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And let’s not forget a very important sense: our eyes. Research has shown that a wine’s colour will influence what aromas we smell. Wine experts described a white wine that had been dyed red more accurately when it was presented in an opaque – as opposed to clear – glass in one study. Put another way: we are prone to tasting with our eyes.

Our perception can also be skewed by expectation. The price, label, and context may all influence how we taste a wine. This happens subconsciously, too: a 2007 study found  “that increasing the price of a wine increases…activity in [the]medial orbitofrontal cortex,” which corresponds to our experience of pleasantness. We don’t just think we’re enjoying the wine more, we actually experience increased pleasure.

Maybe all of this helps to explain why drinking wine engages more of our brain than any other behaviour. And, ultimately, the fallibility of taste and why blind tasting is so challenging.

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On Syrah

“What’s the most effective way to sell Syrah?” The industry joke nowadays: “Don’t put ‘Syrah’ on the label.” In the United States, the number of consumers who purchase Syrah has decreased by roughly 36 percent since 2008. In British Columbia, the acreage of Syrah has been relatively stagnant over the same period of time:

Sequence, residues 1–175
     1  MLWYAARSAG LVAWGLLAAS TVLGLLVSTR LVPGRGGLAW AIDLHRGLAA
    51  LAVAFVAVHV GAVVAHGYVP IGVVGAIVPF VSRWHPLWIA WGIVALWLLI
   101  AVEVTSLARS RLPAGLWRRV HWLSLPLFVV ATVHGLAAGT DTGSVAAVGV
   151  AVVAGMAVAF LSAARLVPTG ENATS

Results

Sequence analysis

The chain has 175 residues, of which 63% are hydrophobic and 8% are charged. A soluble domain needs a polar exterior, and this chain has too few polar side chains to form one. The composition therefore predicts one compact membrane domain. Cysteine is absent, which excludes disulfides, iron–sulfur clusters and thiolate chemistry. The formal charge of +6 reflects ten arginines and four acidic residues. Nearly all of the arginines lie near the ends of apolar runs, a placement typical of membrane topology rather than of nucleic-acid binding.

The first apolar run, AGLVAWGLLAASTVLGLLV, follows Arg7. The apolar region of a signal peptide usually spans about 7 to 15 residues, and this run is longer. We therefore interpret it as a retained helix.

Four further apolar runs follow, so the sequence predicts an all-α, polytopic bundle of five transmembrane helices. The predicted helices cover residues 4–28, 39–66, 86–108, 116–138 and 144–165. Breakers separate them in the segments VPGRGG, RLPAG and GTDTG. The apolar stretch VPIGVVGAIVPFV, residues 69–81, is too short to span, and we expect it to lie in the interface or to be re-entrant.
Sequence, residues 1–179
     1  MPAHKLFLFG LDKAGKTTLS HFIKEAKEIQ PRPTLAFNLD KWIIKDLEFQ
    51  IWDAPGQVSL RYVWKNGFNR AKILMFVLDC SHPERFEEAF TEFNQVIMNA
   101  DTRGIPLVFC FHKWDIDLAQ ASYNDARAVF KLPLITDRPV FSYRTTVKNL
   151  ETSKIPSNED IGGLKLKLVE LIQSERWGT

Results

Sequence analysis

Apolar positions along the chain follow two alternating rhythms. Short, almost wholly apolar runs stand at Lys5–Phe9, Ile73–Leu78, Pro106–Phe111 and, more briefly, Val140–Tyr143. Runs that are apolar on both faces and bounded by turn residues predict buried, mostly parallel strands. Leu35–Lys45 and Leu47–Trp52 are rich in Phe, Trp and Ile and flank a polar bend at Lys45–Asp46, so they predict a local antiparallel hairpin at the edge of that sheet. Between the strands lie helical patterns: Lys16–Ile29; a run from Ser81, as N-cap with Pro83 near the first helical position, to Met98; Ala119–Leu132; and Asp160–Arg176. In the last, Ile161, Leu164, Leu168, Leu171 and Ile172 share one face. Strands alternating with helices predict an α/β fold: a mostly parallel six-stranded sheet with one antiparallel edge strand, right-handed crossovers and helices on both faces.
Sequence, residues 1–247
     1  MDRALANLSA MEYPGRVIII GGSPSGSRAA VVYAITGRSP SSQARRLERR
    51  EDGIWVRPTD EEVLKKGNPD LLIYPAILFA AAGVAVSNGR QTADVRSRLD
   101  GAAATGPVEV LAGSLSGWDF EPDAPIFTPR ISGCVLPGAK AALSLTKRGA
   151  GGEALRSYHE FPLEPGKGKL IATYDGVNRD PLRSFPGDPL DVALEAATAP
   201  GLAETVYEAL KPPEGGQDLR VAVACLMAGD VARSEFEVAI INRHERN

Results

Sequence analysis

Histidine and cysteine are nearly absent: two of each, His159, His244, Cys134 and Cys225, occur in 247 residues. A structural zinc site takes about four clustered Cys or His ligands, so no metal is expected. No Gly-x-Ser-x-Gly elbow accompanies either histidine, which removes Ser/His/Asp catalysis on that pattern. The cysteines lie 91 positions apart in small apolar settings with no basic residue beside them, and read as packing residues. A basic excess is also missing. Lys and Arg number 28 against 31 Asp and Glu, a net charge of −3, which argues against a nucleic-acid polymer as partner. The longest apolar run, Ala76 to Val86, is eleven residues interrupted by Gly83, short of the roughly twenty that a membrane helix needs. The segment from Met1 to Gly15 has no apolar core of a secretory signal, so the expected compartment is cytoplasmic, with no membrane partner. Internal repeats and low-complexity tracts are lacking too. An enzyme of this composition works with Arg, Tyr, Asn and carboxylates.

Syrah_Acreage_Chart

It’s hard to understand this trend. Syrah/Shiraz – the same grape variety – is responsible for many of the greatest wines in the world, whether from the Northern Rhone, Barossa, or Okanagan. The wines are complex and savoury, ranging in style from refreshing and quaffable to dense and ageworthy. It is a grape variety for nearly all occasions: it’s even made into sparkling wine.

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Old Vine Shiraz

Maybe that’s part of the problem. You’re never sure exactly what’s in the bottle given the range of styles and flavours.  In theory, “Syrah” should refer to more restrained, savoury expressions of the variety from cooler climates. “Shiraz,” on the other hand, should denote fruit-forward, high octane wines from warm regions. But it’s not this straightforward. The decision to label a wine as “Syrah” or “Shiraz” is often left to the marketing department, and the style of the wine may not be a consideration.

For a long period, Syrah also became ubiquitous with Australian Shiraz. Not Barossa Shiraz. Or McLaren Vale Shiraz. Australian Shiraz – typically generically labelled as from “South Australia” –  competed on price. Bottles were often adorned with critters or the like. An argument could be made that it cheapened Syrah’s brand equity. Also likely: consumers simply tired of Shiraz. This helps to explain in part the boom and bust of Australian Shiraz, and why Argentinian Malbec’s stock is now stagnant. The wine industry may be more similar to financial markets than we’d like to think.